Speaking for myself I would say this trip was the highlight of my year! I am pretty sure it was for the others in our group as well that made the trip out there but I will let them speak for themselves.
We originally were going to visit on Saturday but it was later decided to arrive on Friday so we could tour the Canal St. Cutlery factory during normal operation, on Saturday it would be closed. This way we could see the different steps in the manufacture of the knives. Upon arrival we we greeted by Eric Albers at the entrance and were led into the building, we took a stairs up one flight and we entered the manufacturing area, what a sight it was to see! I was told by Eric originally this part of the building was the original Ulster Knife Co. factory which later was taken over by Schrade, the building was sold and a new facility was built right up the road, but that is another story I will get to that later.
Eric led us through the factory showing us the different steps in the manufacturing process, for guys like me and Glenn this was very educational and of great interest since we both like to tinker with old knives.Many of the old Imperial-Schrade machines are still being used that were bought from the auction as well as newer machines. The first hand knowledge that can be gained from such as visit is priceless. To see the equipment in operation and have it explained to us was very exciting!
A little later Wally arrived and took over the tour as he wanted Eric to get back to work! Here is a man who has many years of experience in the cutlery industry. He has lots of knowledge and we stood there soaking up all he had to offer as we were led through the different work areas, my favorite was the room where they kept the handle material, all that jigged bone, stag, and various other handle material in there was unreal. We also seen bucket of knife blades, bolster forming machines, pin head spinners, etc. It would take pages to list all the stuff we seen. Let me say this, I have never owned a Canal St. Cutlery knife before, these knives are all hand made no expensive machines punching them out by the thousands there are so many hand operation involved in making these knives it has to be seen to be fully understood. I was very impressed with the knives I seen that day and at the end of our tour we each bought a beautiful knife, Wally let us pick and choose what we wanted. This is the last knife factory in north east folks, if you don`t want to see it disappear then we need to keep buying American made knives to support them, please do your part.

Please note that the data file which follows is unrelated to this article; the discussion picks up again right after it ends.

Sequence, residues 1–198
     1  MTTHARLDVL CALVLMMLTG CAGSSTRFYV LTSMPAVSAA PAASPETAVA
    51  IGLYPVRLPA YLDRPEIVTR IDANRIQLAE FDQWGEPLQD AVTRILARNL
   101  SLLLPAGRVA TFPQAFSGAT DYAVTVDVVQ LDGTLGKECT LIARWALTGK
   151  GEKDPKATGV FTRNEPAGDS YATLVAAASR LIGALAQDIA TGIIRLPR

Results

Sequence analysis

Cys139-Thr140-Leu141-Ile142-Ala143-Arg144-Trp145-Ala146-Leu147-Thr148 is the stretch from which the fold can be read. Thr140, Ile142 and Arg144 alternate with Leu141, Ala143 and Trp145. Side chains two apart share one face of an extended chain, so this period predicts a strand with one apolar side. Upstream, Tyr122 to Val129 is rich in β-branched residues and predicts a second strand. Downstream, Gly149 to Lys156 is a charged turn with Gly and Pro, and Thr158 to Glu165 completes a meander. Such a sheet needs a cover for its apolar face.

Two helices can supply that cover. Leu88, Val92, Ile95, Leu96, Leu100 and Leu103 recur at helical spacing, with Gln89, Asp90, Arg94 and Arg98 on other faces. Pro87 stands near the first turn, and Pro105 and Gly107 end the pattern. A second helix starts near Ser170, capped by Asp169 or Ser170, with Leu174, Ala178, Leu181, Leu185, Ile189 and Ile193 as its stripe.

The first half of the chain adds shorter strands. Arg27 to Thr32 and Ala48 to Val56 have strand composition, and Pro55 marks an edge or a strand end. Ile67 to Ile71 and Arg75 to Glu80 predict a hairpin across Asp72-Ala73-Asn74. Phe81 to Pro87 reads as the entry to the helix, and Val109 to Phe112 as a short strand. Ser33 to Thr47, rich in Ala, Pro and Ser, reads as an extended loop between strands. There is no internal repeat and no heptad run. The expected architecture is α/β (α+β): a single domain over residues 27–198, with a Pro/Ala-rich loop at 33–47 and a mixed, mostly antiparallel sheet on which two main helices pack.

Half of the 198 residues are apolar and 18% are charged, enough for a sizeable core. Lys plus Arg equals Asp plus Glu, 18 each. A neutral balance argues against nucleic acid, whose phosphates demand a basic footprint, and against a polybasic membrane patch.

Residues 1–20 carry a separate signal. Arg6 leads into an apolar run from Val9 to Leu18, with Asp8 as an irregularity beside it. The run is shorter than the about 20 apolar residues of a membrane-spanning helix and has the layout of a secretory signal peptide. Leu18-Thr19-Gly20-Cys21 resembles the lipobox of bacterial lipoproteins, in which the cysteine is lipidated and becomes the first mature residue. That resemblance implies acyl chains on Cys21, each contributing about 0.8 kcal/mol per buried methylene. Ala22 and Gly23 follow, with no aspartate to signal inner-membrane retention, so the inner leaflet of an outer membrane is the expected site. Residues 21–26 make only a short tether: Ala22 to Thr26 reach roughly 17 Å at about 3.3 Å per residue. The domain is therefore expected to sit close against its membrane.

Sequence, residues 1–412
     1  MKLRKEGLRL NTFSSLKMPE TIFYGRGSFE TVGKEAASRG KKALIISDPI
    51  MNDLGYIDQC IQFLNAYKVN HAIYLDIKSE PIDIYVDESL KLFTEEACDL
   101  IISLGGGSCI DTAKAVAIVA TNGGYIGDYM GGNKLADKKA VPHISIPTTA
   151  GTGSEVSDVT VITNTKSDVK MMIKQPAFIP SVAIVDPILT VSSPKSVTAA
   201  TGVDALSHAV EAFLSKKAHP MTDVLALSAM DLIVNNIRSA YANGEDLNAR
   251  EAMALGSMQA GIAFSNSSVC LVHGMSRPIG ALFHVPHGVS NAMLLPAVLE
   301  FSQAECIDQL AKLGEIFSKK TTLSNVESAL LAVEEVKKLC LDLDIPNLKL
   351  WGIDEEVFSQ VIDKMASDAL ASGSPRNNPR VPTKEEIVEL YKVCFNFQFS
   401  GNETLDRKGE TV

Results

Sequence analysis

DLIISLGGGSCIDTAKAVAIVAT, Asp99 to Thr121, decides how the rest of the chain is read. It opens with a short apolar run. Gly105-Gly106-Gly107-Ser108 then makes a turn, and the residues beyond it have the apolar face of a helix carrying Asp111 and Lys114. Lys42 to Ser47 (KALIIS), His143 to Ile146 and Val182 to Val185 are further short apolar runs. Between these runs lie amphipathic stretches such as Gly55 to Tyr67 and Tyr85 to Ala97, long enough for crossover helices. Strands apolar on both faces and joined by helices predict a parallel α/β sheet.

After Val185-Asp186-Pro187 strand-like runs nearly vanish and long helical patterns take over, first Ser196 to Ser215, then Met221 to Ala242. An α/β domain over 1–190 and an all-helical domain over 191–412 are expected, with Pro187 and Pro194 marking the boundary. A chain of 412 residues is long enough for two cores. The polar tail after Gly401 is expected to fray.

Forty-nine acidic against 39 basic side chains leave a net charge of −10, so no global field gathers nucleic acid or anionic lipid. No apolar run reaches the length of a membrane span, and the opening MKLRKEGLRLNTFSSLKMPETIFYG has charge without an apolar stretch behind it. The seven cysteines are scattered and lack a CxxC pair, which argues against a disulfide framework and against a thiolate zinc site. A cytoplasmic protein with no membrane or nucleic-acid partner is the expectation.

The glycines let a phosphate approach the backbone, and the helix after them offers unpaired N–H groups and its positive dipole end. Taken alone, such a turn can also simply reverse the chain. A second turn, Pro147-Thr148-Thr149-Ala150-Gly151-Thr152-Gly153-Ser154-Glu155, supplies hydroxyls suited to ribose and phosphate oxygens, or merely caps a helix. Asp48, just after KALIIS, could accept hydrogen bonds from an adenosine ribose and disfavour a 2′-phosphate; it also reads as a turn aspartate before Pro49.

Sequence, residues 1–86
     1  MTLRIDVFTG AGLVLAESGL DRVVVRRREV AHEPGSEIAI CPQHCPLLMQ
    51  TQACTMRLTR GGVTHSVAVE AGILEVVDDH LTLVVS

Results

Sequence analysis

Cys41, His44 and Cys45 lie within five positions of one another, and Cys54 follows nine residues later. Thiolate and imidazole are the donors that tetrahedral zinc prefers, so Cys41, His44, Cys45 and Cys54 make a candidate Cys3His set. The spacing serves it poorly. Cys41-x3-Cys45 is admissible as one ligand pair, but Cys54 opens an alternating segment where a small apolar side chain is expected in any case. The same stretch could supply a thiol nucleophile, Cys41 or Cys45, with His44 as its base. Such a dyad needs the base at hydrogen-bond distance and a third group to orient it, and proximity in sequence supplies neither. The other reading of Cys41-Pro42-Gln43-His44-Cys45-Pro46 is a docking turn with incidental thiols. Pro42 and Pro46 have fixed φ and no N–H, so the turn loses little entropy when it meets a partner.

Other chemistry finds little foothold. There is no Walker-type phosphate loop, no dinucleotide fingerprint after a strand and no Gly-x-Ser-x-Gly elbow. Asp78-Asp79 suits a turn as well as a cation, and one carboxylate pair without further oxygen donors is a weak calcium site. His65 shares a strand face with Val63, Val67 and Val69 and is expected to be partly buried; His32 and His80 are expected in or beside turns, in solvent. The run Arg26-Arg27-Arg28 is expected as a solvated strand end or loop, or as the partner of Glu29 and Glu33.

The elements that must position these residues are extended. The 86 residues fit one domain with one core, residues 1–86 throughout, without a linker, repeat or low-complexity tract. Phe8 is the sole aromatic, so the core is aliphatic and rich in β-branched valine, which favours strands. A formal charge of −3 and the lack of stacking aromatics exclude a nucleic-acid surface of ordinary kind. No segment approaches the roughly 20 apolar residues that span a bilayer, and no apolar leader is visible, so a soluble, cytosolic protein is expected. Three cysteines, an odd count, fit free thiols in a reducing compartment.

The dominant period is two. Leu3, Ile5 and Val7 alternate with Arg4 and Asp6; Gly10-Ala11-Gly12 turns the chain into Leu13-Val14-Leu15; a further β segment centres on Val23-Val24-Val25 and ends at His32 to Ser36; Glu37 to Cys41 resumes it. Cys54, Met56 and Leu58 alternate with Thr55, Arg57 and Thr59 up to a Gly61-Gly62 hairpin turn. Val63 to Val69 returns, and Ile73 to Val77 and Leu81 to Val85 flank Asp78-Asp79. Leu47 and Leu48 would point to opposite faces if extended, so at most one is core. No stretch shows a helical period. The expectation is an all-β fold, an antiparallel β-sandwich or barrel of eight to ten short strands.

We departed the Canal St. factory saying goodby to our new found friends and proceeded to find a place to have lunch, meanwhile I tried to contact LT but could not reach him, we all would have been disappointed if we did not get to meet LT. On our way to the knife museum we stopped at the now deteriorating Imperial-Schrade plant. It was so sad to see the state of disrepair the building was in and let me tell you the size of this place is enormous! After a few picture taking opportunities we departed for the museum. We waited for Eric to get off work and we met him at the Warwarsing museum, to our surprise LT was waiting there as well and a few minutes later Dr. Richard Craft arrived! We all shook hands and eventually made it into the museum. Lt gave us a step by step guided tour which lasted several hours. There is only a fraction of what could be displayed there but what Doc Crafts Napanoch ax and knife collection is incredible. Lt`s Schrade knife collection is a marvel and through a generous donation from The National Knife museum they have a lot of primo pocket knives displayed. It is one thing to visit a web site and look a pictures of knives and a totally different thing to have someone like LT and Dr. Craft who are so passionate about the history of the knives give you a tour and first hand knowledge of their experiences with the knives and the people who made them.
Many subjects were covered in our conversations but in reality we could have talked for days on end and still not covered everything. I want to thank Richard, Eric, Doc Craft, Wally and all the others we met and talked to on this trip, we have not even scratched the surface and as LT has mentioned we need to visit his home and view the the numerous other knives and cutlery related items he has so graciously offered to all who want to see them. I must say without this group of men this history would be lost and I can`t say enough how impressed I was with each and every one of them, the knowledge, passion and accommodation they provided for our group went above and beyond what we expected. Honestly the highlight of the day was meeting all these fine people.
To all who read this, if you have the ability to visit this museum please do so they need your support to maintain what has been created here and you will be impressed with the the people you meet and talk to I am sure. I unfortunately did not bring a camera but Glenn and the others did, so they will post some pictures of some of the things we seen on our visit. This is probably the longest post I ever made on this web site and it barely covers what I could say about this trip, sorry I went on and on.
LT as long as I am sucking air next year please expect me to take you up on your offer, the crown royal and venison sound very good to me!